Laodicea

Eric Ekstrand. Omnidawn (UPNE, dist.), $17.95 trade paper (88p) ISBN 978-1-63243-003-8
Ekstrand's debut collection is a slow burn in which poems dance around the idea of apocalypse, both literally and metaphorically, as they build on what has come before and provide a grounding for what comes next. Each line enters "as inexactly as anxieties" while also presenting a strange sort of clinical exactness that is almost textbook-like in nature. Ekstrand will present a moment or image then shift the lens a fraction to show the side the reader can't quite see. Ultimately one finds a refusal of metaphor—a forest is "exactly how I expect/ a bamboo forest to look"—with tension aggregating from images being picked apart so delicately, always with an awareness that metaphor could exist. The second half of the book delves into a time/place motif that touches on race relations in North Carolina pre-WWII. These poems seem out of place, even unfinished, contributing to a sense that the tension of the first half expends itself and drifts to the final page. While Ekstrand is similar to Frank O'Hara in tone and plainspokenness, there is a decided lack of conversational approach. At times the works read like dictionary entries; they're academic and dry, and while there is beauty in the details of a moment, those details have to be plucked to life. (Apr.)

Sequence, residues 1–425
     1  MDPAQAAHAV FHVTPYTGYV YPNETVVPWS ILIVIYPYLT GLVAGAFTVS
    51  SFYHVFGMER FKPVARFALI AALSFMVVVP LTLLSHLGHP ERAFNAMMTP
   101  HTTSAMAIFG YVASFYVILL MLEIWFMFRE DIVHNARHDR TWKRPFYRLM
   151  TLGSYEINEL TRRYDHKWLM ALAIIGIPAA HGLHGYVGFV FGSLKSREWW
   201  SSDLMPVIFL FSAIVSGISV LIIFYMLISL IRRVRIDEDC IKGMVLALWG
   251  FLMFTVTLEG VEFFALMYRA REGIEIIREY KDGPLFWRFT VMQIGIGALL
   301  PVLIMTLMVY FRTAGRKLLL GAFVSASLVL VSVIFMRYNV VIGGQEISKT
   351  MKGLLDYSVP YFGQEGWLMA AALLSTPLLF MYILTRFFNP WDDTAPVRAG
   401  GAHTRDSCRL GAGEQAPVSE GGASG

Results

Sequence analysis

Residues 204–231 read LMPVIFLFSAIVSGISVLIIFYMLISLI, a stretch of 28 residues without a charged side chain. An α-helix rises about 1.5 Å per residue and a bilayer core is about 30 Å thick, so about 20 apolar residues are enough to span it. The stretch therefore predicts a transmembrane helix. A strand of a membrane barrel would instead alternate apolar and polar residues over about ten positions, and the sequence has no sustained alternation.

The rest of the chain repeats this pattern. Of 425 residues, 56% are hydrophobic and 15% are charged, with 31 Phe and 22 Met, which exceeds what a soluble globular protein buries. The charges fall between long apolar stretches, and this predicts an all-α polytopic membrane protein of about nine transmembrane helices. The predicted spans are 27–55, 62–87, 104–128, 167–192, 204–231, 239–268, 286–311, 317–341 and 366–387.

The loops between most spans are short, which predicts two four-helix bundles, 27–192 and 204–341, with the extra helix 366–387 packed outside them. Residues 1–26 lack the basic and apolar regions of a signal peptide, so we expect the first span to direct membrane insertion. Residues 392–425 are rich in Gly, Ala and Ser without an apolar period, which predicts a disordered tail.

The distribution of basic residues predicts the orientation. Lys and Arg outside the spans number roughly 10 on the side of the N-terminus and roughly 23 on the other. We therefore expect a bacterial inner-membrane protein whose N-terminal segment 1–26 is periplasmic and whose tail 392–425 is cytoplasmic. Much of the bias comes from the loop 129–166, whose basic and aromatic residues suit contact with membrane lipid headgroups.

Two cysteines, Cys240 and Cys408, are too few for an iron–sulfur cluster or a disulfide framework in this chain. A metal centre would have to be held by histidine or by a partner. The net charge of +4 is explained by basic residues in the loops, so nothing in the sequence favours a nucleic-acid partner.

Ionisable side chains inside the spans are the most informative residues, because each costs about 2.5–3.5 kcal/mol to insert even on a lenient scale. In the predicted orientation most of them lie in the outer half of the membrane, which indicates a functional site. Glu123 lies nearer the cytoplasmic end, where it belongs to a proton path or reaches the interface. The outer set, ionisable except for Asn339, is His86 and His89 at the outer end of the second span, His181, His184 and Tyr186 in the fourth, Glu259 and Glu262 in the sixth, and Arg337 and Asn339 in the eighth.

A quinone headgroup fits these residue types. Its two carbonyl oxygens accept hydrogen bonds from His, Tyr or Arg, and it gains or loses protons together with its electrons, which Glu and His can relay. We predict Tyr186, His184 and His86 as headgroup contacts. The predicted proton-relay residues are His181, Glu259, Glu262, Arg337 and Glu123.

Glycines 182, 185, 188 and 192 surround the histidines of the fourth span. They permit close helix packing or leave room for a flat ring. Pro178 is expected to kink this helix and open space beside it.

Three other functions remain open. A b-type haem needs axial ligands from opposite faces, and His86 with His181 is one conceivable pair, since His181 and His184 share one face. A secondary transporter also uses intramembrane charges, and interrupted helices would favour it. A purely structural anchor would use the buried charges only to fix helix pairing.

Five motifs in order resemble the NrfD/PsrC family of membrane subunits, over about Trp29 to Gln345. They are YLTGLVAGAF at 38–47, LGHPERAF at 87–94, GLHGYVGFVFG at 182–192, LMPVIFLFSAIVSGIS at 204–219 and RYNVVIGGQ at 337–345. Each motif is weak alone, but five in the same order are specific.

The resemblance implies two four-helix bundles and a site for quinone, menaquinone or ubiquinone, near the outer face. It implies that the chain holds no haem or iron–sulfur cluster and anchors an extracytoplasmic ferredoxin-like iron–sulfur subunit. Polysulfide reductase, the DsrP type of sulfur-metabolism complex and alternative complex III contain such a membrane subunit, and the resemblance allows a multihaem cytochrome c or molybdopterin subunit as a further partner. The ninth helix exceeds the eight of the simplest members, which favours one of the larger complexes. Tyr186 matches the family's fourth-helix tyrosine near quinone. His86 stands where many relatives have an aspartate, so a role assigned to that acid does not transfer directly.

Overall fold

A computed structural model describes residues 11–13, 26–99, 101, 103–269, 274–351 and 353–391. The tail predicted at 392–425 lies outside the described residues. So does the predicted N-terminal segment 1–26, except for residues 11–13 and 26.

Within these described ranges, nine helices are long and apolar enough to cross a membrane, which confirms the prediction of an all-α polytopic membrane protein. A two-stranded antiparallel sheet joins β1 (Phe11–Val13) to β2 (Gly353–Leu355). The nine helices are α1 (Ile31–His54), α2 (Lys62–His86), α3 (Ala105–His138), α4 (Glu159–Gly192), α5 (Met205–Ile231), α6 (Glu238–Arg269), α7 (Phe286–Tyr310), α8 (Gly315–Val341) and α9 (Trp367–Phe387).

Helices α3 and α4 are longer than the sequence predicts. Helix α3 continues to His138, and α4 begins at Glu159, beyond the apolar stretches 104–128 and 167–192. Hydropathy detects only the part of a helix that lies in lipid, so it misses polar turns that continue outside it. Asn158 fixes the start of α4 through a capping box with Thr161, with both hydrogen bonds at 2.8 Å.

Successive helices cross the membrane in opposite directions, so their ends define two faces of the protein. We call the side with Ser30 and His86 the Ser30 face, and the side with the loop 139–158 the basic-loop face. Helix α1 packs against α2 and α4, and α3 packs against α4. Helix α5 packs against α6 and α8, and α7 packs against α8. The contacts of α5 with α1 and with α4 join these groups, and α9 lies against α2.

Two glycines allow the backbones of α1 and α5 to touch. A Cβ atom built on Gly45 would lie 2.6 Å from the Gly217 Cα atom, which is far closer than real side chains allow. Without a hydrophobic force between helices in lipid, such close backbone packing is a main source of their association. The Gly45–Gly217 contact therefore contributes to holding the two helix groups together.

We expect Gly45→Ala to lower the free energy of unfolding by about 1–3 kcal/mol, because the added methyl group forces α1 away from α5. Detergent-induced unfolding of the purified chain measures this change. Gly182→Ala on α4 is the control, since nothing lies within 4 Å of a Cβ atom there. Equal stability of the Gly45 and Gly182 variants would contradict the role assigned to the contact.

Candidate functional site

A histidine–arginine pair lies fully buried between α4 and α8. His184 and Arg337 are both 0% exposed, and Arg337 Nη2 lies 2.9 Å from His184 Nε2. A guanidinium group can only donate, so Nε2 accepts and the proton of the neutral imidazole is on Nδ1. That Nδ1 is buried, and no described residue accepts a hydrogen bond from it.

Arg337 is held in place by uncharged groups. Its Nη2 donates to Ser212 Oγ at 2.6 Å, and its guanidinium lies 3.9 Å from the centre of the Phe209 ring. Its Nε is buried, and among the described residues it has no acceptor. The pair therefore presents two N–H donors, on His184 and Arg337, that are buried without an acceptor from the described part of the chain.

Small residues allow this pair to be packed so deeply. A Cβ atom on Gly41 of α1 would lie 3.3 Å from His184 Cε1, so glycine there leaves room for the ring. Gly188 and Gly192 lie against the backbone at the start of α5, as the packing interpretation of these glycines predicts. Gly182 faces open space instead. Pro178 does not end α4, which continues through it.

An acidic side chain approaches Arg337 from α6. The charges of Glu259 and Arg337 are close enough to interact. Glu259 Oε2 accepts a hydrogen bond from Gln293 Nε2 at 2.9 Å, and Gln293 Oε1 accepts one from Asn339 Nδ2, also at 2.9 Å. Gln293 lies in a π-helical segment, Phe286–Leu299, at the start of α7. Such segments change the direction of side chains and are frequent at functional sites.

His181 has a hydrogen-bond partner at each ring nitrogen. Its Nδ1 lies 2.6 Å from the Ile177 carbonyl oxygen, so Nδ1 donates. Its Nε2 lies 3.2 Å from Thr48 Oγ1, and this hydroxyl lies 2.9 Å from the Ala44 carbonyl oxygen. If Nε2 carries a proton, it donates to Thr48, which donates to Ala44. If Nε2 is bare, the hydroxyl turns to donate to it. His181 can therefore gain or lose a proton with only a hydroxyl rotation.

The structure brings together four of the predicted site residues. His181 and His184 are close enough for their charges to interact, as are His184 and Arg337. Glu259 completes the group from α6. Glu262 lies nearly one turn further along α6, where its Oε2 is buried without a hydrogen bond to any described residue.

Reviewed on: 05/04/2015
Release date: 04/01/2015
Discover what to read next
TIP SHEET
MORE BOOKS YOU'D LIKE
X
X